Annoyed users can bar Adobe's self-download

Ask Jim

Plugged In

December 28, 2006|By Jim Coates | Jim Coates,Chicago Tribune

I recently updated to Adobe Photoshop 4 and am wondering how to stop it from taking over from my Nikon camera software when I try to download new photos from the camera. It seems as though the Nikon software starts OK, but then Photoshop tries to take over, and my computer either slows to a crawl or hangs up.

-Bob Buskey,

I, too, have been greatly perturbed when I installed Adobe's Photoshop Elements and found it kicking in uninvited every time I plugged a camera into a USB or FireWire port. I am a huge fan of Photoshop Elements for photo tweaking, but like you, I hated it when the program kicked in every time a camera or memory card was connected to the computer.

Adobe folks tell me that most people like this feature, since it does such a fine job of organizing images by dates, keywords, date and time taken, and keyword tags, thus making it far easier to find stuff.

There is a way to disable the feature or, if you'd prefer, enable it. Open Photoshop Elements alone, with no image in it, and then select the Organizer module from the list of options that comes up first. Select Edit in the first Organizer display and then Preferences and finally Camera or Card Reader. There you will find an option to switch on or off the automatic downloader feature.

I have a Dell desktop with Windows XP that is only about two years old. I keep getting messages that my virtual memory is too low. Why am I getting these messages?

-Arlene Freedman,

That warning usually gets displayed when the computer has too many programs running at the same time, so you may be able to avoid this warning simply by running less stuff at the same time.

When the amount of memory being used in the main memory chips, called random access memory, exceeds the RAM capacity, the computer uses a special "page file" on the hard drive to handle stuff for some of the programs that have overloaded things.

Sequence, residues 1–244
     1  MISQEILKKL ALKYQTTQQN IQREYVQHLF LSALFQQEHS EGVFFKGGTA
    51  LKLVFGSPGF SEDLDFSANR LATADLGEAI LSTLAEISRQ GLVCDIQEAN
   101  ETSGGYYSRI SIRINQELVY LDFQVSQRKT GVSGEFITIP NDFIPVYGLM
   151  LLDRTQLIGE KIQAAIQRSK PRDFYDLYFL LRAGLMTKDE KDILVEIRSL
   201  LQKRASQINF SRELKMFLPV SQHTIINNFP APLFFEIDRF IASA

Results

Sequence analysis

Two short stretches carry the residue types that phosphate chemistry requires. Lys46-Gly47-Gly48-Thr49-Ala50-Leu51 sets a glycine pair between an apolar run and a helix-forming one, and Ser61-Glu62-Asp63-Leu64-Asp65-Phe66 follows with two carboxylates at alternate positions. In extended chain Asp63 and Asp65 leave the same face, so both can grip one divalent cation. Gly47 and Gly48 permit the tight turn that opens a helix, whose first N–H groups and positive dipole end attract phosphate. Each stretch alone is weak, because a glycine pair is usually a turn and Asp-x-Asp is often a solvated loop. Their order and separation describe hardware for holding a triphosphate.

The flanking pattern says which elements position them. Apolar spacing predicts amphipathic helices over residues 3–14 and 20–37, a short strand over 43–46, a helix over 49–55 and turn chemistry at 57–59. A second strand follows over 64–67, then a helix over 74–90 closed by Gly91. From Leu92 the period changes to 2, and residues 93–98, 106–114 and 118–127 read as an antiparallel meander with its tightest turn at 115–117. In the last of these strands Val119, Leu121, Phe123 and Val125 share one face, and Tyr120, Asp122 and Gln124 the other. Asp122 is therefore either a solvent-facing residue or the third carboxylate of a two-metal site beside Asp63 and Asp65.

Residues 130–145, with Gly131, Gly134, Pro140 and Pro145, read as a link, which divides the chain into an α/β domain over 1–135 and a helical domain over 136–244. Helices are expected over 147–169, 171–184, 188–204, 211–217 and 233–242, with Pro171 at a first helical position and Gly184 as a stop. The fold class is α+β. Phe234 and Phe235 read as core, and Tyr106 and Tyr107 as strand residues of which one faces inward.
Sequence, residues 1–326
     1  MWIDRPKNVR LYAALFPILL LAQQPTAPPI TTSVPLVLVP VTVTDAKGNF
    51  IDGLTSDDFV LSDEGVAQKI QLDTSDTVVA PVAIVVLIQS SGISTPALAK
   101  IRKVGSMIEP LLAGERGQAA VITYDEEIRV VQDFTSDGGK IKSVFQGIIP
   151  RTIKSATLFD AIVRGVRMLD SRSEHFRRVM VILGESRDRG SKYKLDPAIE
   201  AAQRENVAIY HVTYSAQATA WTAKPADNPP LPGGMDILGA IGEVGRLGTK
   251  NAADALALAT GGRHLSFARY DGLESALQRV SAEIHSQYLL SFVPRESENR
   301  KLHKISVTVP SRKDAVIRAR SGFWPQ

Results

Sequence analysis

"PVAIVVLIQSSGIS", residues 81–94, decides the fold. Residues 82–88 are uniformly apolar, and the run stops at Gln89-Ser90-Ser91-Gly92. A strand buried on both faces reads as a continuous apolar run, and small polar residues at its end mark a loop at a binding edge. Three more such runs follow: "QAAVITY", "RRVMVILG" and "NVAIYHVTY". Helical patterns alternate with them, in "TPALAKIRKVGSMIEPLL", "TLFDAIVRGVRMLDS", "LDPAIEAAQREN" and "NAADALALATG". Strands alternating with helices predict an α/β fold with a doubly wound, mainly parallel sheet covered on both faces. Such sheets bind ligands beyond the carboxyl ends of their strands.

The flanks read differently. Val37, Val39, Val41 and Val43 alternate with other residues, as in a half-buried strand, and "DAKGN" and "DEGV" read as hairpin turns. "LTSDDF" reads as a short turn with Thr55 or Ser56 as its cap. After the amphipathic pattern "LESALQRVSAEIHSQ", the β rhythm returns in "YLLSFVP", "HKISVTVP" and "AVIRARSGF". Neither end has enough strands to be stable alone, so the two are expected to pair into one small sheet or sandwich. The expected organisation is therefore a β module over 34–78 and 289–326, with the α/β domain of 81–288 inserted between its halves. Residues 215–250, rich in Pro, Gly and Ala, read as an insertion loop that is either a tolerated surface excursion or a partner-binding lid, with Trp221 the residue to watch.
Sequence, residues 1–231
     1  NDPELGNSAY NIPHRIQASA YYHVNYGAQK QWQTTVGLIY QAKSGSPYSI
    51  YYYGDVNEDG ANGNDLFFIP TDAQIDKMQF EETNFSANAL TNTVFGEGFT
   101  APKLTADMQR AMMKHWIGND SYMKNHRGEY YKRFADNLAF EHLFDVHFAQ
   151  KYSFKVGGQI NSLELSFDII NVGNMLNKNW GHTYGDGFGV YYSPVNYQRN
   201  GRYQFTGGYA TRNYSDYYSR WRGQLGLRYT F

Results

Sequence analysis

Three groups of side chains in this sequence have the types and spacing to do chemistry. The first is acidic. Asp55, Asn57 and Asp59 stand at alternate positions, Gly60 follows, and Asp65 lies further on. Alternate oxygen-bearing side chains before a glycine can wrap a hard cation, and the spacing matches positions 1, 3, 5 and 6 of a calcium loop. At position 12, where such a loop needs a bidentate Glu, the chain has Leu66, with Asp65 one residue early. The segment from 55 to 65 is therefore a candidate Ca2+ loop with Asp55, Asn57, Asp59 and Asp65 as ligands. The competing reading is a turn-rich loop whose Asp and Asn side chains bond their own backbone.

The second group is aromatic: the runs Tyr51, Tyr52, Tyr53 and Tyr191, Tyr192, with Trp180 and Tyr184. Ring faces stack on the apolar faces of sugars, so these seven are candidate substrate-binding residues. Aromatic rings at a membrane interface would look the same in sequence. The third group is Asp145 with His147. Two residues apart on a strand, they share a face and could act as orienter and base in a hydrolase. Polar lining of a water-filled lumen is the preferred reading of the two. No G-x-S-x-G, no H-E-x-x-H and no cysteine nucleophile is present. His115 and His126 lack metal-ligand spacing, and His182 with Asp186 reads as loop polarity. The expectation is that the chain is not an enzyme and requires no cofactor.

The slowdown is dramatic, because moving data about on RAM chips happens at the speed of light, while even the fastest hard drive is far slower.

An obvious fix beyond running fewer programs is to buy more RAM chips for the computer.

It is interesting, to me at least, to note that some programs are memory hogs that tell the computer they are going to need much more memory than they actually need. So you might want to experiment a bit to find the biggest consumers of random access memory.

To do this, type Control +Alt + Delete to call up the Windows Task Manager. There you will find a running graphic display showing how much memory gets used at any given time.

There also is a tab on that display called Processes that shows how much memory each item is using. It's usually easy to figure out which program uses which process, so you can plan accordingly.

Beyond that, there are settings for how large a file Windows can create, which can be changed to sometimes improve speed. But keep in mind that no matter how big you make hard drive space for virtual memory, it will still run slowly.

To change these settings in case there is at least some help, click on Start and Control Panel and then System. Open that control panel and click on the Advanced tab and then open the button for Performance.

This gives you a display of your current virtual memory, and there is a Settings option that will let you change the size of the page file that holds the data.

The computer will suggest numbers for that page size, and there is little gained by making the thing larger than the suggested number. But, if the actual number is smaller, then type in the larger suggested number.

Jim Coates writes for the Chicago Tribune.

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